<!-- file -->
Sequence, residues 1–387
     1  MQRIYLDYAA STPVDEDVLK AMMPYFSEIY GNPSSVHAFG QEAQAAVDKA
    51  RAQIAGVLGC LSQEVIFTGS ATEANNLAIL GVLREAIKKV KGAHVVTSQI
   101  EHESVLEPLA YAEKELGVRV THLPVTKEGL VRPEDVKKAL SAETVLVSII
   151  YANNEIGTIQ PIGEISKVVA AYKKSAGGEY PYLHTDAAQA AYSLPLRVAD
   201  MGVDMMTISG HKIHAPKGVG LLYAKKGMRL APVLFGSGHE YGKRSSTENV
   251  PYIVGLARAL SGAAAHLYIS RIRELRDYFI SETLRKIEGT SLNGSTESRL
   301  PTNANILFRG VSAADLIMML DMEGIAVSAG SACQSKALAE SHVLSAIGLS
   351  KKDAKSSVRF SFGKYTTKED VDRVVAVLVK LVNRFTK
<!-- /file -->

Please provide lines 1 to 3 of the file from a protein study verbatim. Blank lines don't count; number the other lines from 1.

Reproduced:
Sequence, residues 1–387
     1  MQRIYLDYAA STPVDEDVLK AMMPYFSEIY GNPSSVHAFG QEAQAAVDKA
    51  RAQIAGVLGC LSQEVIFTGS ATEANNLAIL GVLREAIKKV KGAHVVTSQI